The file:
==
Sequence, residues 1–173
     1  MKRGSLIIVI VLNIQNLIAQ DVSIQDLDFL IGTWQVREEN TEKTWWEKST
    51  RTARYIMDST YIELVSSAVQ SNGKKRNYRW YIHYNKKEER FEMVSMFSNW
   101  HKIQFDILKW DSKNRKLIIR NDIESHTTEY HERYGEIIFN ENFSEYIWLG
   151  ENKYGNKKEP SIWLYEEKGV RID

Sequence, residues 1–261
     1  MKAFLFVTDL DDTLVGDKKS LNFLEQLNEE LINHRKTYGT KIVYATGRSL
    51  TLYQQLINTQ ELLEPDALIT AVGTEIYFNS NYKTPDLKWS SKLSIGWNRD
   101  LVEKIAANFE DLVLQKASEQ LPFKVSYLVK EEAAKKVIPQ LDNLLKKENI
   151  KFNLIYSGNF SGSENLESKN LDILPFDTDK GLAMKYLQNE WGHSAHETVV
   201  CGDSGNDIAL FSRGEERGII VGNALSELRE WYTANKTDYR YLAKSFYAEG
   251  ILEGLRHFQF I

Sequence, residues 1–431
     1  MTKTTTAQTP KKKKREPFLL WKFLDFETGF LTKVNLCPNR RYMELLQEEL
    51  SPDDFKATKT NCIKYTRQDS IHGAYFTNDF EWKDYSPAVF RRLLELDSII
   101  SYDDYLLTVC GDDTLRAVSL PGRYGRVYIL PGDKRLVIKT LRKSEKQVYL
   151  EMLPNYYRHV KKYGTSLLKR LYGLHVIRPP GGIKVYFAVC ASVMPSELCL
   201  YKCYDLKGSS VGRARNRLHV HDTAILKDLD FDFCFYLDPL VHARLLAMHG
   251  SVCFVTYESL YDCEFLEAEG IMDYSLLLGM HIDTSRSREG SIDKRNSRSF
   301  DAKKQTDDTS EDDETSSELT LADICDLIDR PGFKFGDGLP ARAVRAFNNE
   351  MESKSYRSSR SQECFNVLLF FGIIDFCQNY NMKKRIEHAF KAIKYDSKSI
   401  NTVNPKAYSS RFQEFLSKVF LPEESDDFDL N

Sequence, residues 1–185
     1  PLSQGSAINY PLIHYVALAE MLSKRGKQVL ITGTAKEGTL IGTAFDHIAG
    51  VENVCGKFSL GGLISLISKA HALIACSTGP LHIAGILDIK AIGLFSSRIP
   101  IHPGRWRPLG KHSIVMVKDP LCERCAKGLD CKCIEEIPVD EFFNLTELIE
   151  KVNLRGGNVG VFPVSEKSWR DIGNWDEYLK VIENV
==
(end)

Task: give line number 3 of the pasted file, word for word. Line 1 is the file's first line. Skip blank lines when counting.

    51  RTARYIMDST YIELVSSAVQ SNGKKRNYRW YIHYNKKEER FEMVSMFSNW